Lactation consultants are also available in some hospitals and also work privately.  They are sometimes referred to as an IBCLC which means ‘International Board Certified Lactation Consultant’, which is the highest level of breastfeeding and lactation certification, requiring extensive training and experience.  They can provide support in more complex, difficult or high-risk situations.  You can find your nearest IBCLC at the Lactation Consultants of Great Britain website.

Another source of support is from your health visitor or GP.  However in my experience I have found that these can be a bit hit-and-miss as to whether they have much knowledge of breastfeeding, and how supportive they are.  They are more useful if you need a referral for medical support such as correcting a tongue tie or if you are worried you may have mastitis.

Telephone support

There are a number of phonelines you can call for breastfeeding support.  Like the drop-in groups these are mainly staffed by peer supporters who volunteer their time to help breastfeeding mums.  They are great if you are having a wobble and need some reassurance and there’s no drop-in groups that day, or if something happens in the evening and you don’t want to wait until the following morning to speak to someone about it.

Online support

There are loads of places online to get breastfeeding support, the internet really is a great resource for breastfeeding mums!  There are Facebook groups where you can chat to other breastfeeding mums as well as websites with tons of information about breastfeeding and suggestions of ways to deal with different issues.  As well as the sites listed below, it’s worth looking for local websites and groups such as attachment/natural/gentle parenting groups where you are more likely to find other breastfeeding mums.  Also if you are looking for help with a specific problem, just Googling it will bring up lots of helpful advice and information.  Here are some of my favourite sites:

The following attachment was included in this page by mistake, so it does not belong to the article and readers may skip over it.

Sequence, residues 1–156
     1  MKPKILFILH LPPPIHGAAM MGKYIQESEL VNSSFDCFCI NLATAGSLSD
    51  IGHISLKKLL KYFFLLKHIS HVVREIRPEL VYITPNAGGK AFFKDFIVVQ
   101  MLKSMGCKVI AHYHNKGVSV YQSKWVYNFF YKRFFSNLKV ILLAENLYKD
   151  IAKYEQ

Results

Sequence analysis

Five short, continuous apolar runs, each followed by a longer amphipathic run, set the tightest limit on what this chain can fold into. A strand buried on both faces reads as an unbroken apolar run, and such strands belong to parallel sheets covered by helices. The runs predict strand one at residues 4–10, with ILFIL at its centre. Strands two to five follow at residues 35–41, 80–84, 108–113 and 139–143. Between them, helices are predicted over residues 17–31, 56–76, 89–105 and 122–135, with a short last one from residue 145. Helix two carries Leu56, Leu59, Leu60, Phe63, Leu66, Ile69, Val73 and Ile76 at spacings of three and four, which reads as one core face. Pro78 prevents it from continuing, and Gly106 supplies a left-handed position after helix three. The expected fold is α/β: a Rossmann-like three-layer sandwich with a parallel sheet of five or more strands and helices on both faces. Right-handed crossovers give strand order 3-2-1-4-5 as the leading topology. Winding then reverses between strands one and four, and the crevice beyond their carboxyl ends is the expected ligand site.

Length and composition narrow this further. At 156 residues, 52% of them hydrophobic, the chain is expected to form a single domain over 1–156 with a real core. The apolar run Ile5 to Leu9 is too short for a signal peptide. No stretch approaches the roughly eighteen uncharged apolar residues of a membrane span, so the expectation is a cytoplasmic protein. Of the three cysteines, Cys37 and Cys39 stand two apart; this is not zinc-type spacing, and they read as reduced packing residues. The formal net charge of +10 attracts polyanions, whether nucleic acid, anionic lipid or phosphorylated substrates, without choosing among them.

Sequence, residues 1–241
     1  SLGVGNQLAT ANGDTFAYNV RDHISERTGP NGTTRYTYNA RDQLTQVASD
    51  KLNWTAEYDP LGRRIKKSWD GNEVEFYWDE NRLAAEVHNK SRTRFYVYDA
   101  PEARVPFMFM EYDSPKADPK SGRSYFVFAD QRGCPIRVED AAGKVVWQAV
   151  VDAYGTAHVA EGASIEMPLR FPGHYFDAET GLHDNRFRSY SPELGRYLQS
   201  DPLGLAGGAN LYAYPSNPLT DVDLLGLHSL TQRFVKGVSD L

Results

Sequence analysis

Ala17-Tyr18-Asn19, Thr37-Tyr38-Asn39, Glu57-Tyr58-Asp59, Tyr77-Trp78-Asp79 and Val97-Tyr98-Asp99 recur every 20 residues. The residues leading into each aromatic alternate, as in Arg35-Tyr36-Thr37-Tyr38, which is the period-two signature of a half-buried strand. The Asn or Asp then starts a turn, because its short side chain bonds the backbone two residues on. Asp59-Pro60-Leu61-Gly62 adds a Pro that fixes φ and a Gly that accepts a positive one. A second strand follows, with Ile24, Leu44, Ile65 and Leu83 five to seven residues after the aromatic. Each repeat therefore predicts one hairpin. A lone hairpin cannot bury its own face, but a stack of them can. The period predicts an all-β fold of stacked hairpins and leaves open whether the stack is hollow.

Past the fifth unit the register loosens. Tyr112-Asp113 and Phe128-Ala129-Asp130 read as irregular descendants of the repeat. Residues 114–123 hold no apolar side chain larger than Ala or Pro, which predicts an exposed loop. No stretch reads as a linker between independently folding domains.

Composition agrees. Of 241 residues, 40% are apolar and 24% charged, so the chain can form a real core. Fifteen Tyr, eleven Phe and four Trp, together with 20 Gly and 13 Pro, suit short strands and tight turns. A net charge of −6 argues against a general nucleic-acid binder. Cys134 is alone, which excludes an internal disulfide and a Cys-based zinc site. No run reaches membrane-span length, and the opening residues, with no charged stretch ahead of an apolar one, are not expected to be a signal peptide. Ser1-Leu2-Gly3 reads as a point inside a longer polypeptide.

I’ve breastfed both of my two children until they were almost two, and over the years I’ve relied on all of these sources of support.  I had great difficulty in breastfeeding my eldest daughter as she had a very severe tongue tie (she still has a heart shaped tongue) and breastfeeding her extremely painful – the midwives at the hospital helped teach me how to express some milk as she couldn’t latch properly.  I went regularly to breastfeeding drop-in groups for the first few weeks for emotional support and they suggested nipple creams, nipple shields and so on to help with the pain.  I remember one particularly bad evening where I felt like throwing in the towel I phoned the breastfeeding helpline which helped give me the strength to carry on just one more day. I saw an NHS lactation consultant at the local hospital who helped to check my baby was latching correctly and referred us for tongue-tie correction, and eventually ended up seeing a private IBCLC who performed the procedure (as the NHS consultant in my area was on annual leave and I literally couldn’t wait any longer).  With my second daughter (who also had a tongue tie that was spotted at birth and corrected a week later, thankfully) I relied more on the network of friends I had made first time around, but as I realised she had allergies, and didn’t get anywhere with my GP, I made extensive use of the internet, googling food allergies and reading through dozens of posts from other mums like me who were struggling – just knowing there were others going through the same as me helped.  So breastfeeding can be challenging, but with determination and the right support, it is entirely possible, even in difficult circumstances.